12 Valentine's Day STEM Activities
Give student science and engineering activities a fun Valentine's Day twist with these 12 free STEM ideas, from paper circuit Valentines to invisible ink messages and dancing candy hearts!
Be My STEM Valentine
With a bit of creative thinking, it's easy to give favorite STEM activities a new spin and irresistible Valentine's Day flair. See our suggestions below for an assortment of science and engineering activities that can be done with Valentine's Day in mind. From Valentine's Day cards written in invisible ink to a special delivery robot or a clever Rube Goldberg machine, these ideas are great for using science to create something unique.
Note: Science Buddies Lesson Plans contain materials to support educators leading hands-on STEM learning with students. Lesson Plans offer NGSS alignment, contain background materials to boost teacher confidence, even in areas that may be new to them, and include supplemental resources like worksheets, videos, discussion questions, and assessment materials. Activities are simplified explorations that can be used in the classroom or in informal learning environments.
Lesson Plans and Activities for Valentine's Day STEM
1. Marbled Valentines
With the Make Marbled Cards Using Science! activity, students learn about hydrophobic and hydrophilic substances and use shaving cream and food coloring to make colorful marbled art! They can make individual cards or cut their marbled sheets into smaller cards or bookmarks. To add a Valentine's message or heart, students might experiment with a crayon wax resist on the paper before pressing it to the marbling mixture. (For extra tips, see how this family explored paper marbling at home!)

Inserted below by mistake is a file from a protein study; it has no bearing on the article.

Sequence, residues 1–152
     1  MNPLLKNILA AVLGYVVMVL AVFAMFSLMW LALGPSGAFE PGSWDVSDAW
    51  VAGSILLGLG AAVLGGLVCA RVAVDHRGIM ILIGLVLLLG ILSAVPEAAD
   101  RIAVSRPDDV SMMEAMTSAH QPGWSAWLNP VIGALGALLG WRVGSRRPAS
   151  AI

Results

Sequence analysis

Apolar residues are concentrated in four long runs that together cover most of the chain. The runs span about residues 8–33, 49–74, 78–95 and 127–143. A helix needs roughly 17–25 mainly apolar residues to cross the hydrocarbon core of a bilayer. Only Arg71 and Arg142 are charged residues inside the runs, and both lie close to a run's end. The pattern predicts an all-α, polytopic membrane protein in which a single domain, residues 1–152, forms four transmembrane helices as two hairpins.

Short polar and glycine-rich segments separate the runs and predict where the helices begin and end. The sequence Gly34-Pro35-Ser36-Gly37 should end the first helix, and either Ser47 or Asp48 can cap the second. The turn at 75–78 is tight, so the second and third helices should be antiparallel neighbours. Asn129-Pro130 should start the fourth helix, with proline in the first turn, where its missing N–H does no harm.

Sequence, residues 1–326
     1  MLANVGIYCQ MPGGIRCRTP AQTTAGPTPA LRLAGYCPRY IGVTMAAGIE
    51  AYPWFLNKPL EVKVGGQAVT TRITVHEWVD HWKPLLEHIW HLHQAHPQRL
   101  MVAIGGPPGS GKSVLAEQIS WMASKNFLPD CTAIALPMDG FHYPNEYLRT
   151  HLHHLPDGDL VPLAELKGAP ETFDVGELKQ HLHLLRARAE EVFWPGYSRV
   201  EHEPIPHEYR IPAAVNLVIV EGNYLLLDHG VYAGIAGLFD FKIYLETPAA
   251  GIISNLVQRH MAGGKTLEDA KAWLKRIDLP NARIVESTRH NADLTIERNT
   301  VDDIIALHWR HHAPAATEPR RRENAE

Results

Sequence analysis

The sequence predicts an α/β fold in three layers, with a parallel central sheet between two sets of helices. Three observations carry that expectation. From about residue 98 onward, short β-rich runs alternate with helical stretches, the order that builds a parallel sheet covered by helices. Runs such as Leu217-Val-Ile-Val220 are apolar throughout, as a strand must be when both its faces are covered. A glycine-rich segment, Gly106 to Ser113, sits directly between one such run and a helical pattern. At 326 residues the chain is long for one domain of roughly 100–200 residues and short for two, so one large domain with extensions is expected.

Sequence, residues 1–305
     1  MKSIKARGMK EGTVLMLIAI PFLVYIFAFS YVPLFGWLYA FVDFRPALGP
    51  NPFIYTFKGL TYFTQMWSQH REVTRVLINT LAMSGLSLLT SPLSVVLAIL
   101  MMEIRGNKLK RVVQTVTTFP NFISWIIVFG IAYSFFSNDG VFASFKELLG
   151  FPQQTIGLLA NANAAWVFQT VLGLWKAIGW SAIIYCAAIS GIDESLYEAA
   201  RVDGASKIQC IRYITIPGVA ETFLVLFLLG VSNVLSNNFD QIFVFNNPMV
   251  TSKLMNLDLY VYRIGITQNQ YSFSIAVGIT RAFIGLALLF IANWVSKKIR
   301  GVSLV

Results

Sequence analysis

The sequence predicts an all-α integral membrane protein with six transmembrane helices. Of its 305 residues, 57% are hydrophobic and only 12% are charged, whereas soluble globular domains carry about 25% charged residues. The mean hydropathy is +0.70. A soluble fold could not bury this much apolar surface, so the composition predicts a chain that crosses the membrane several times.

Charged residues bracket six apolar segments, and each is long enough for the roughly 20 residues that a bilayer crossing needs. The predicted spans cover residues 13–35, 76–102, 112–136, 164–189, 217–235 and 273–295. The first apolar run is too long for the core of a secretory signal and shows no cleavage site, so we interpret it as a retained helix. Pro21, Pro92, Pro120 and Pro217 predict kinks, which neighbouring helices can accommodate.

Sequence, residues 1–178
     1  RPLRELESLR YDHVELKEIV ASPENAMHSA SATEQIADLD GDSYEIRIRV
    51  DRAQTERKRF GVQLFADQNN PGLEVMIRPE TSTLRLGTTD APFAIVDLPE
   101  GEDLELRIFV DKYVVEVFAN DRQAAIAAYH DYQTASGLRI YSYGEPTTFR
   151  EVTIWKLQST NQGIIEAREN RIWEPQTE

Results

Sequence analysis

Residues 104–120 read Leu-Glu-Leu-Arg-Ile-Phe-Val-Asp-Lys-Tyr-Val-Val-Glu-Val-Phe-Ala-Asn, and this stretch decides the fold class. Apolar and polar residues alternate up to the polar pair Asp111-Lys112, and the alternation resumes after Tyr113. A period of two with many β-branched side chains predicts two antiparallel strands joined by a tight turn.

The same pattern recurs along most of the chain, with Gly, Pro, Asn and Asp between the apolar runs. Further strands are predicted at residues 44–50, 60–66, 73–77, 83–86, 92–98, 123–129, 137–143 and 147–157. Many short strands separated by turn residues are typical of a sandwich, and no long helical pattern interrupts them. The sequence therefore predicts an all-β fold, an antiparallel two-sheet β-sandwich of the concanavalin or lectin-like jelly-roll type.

2. Special Delivery Robot
Using directions to make a simple Junkbot or Brushbot, students can get creative with themed robots like this cute Special Delivery Robot. What other kinds of legs or wheels might work for this robot? (Note: for family-friendly introductory robotics exploration, see the Junkbot, Bristlebot, and Brushbot activities.)
3. Rube Goldberg Machine
Rube Goldberg machines are machines that use a complex set of chain reactions to accomplish a simple task. In the Study Kinetic Energy with a Rube Goldberg Machine lesson, students learn more about potential energy and then design and test their own Rube Goldberg machine. Students can get creative in brainstorming and designing a machine to perform a specific task. Our Valentine's Day-inspired machine shows how this concept can easily be connected to a holiday or other theme. Reminder: be prepared that it takes time to test and retest to get each step in the series to work. Once it's time for the final run, don't forget to take a video!
4. A Flipbook Valentine
Making homemade Valentine's Day Cards is a classic approach to celebrating the day. In the Apparent Motion in Flipbooks activity, students make simple flip books from index cards. With attention to the placement of a small illustration on each page, the story will appear to be in motion as the book is flipped. This would be a really fun approach to making a special Valentine's Day card! (Tip! For more creative science and engineering ideas, see our Storytelling STEM collection.)
5. Invisible Ink Valentines
A blank Valentine's Day card? With a small instruction explaining how to reveal the message, a Valentine's Day card written in invisible ink would be a very clever twist on traditional cards and a lot of fun! The Secret Messages With Invisible Ink! activity has all the information to help students make and reveal their own invisible ink.
6. Candy Gears